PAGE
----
Neil Simon had a pretty successful movie in the 70s by that name. It’s too bad we’re not talking about a comedy classic here.
Deals being cut behind the scenes. Promising legislators one thing, then pulling the rug out from under them. Using legislative power to protect powerful outside interests. Legislators being threatened and punished for daring to speak against “leadership.” Those were aspects of the SOP during the Richard Morgan-Jim Black reign of terror in the North Carolina House of Representatives.
When the GOP took over on Jones Street in 2011, we got promise after promise about never going back to that garbage. We were going to see openness and transparency. The heavy-handedness of the old days was gone for good — or so we were told. Jim Black and Richard Morgan are long gone from their posts of power in the legislative building. But Black-Morgan protégé Thom Tillis is running the show in the lower chamber these days, and — from all appearances — he learned a lot from his old masters.
In the waning days of the 2004 session, then- SpeakerrrrrrrrRichardMorgan™ was raising eyebrows with his legislative diligence on behalf of a Virginia-based cigarette company (that just happened to dump a lot of coinage into his campaign coffers). Now, we have Speaker Thom Tillis working overtime behind the scenes to push through a very controversial toll road proposal that a huge chunk of his constituents DO NOT want. Tillis operatives in Raleigh AND in Mecklenburg have been working overtime to stymie grassroots activists simply seeking a dialogue and debate on the whole toll road matter.
Now we have the latest action on Jones Street — ably documented by our friends at A Short Chronicle:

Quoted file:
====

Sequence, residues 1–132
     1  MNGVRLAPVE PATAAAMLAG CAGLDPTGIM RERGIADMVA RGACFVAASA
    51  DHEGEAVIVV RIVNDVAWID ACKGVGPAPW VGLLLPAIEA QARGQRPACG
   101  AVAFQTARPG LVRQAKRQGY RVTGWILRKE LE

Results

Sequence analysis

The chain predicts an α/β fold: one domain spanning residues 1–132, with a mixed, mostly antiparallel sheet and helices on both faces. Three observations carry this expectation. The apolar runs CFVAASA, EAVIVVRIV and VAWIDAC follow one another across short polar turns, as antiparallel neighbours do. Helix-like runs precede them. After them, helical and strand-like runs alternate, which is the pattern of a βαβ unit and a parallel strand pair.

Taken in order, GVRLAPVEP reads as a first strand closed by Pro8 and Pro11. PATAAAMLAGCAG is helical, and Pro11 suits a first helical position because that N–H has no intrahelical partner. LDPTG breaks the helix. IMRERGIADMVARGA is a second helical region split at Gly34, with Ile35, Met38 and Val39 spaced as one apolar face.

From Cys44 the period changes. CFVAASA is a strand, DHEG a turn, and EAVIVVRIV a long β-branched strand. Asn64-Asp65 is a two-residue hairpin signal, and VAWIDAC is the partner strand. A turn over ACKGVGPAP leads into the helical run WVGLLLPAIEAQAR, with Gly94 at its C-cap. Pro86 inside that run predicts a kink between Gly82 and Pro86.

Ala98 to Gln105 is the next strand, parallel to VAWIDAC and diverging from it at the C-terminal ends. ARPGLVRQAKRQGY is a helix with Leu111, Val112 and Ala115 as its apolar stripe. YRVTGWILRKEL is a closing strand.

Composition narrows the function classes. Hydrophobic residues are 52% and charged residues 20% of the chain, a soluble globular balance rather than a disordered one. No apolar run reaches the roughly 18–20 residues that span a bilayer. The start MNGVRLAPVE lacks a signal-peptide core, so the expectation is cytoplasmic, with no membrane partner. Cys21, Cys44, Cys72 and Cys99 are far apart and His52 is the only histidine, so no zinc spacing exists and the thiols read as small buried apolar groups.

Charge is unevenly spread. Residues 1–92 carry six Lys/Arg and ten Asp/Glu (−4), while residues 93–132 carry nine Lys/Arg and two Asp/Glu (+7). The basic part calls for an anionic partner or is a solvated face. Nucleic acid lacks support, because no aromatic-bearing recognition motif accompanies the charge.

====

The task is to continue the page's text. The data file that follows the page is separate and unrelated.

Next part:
Something happened quietly at the last meeting of the NC House Transportation Committee which should disturb and anger anyone who believes our government should operate in an open an honest manner. There’s simply no other way to put it.
As readers of aShortChronicle know, House Bill 267 was filed in early March with the title – NCGA Prior Approval/Interstate Tolling. This bill would have required an “act of the general assembly” before any tolling could take place on an existing interstate road in North Carolina. The initial story was covered here and a follow-up was covered here when Committee Chair and Mecklenburg Representative, Bill Brawley, signed on to the bill as a sponsor.
As has been reported previously, upon its initial filing, opponents of the I-77 HOT lanes project initially thought this bill might provide an opening to stop this effort to implement tolls locally. However, Rep Brawley as well as Co-Sponsor John Torbett of Gaston County immediately began to backpedal on the bill’s impact to I-77 saying, without any solid or documented justification, that I-77 would in fact not be impacted by the bill. No additional vote would be required. (See here for more on that.)
Last Thursday this bill finally was heard in Committee, but the NCLEG.net page for the bill was not updated. Friday night, aShortChronicle received this response from legislative staff as to the status of the bill.
“The bill passed with a couple of changes. It will be reported out Monday and the new version will be on the internet after that.” (Emphasis added.)
Today, that report came.
Here’s the new version of the bill with a new title – Limit Tolling on Existing Interstates.
This is a completely new bill with no mention of the NCGA voting. “Only a couple of changes” becomes something “completely and totally different”. This new bill now focuses on how tolls can be implemented rather than the General Assembly voting on when they can be implemented.
Unfortunately, this type of activity has become par for the course in this debate about tolls on I77. Transparency and dealing in good faith went out the window some time ago for tolling supporters.
So, we approved a measure that the House will have to vote on the implementation of toll roads. Now, the speaker supports a very controversial project in Mecklenburg, and we’re NOT going to vote????
Is THIS the stuff we fought so hard FOR in 2010? To trade one set of slick, mealy-mouthed wheeling-and-dealing insiders for another? What would it hurt to have an open, honest dialogue between state officials and the people in the affected communities? What would it hurt? Seriously.
Meet the new boss. Same as the old boss. We won’t get fooled again. (Or will we?)